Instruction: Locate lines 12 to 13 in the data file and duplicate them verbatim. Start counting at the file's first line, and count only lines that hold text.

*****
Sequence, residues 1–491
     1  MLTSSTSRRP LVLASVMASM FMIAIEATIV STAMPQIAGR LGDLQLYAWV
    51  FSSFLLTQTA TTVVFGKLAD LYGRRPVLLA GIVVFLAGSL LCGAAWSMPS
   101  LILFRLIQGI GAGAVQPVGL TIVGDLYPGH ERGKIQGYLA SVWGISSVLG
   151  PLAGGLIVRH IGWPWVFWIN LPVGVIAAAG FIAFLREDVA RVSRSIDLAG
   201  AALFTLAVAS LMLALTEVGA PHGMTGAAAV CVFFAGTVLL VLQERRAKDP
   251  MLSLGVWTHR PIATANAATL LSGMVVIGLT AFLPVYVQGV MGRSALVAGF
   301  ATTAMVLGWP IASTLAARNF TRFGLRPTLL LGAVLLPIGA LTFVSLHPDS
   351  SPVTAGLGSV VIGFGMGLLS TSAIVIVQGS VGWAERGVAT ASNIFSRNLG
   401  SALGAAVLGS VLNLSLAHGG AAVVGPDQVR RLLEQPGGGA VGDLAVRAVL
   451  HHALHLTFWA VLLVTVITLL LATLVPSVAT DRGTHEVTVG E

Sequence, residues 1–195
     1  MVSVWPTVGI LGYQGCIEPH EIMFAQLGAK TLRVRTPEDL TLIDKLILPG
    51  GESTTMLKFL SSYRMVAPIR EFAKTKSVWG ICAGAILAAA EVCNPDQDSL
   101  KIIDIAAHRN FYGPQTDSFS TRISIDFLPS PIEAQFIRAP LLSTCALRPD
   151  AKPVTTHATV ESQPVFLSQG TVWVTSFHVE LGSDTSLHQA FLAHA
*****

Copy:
Sequence, residues 1–195
     1  MVSVWPTVGI LGYQGCIEPH EIMFAQLGAK TLRVRTPEDL TLIDKLILPG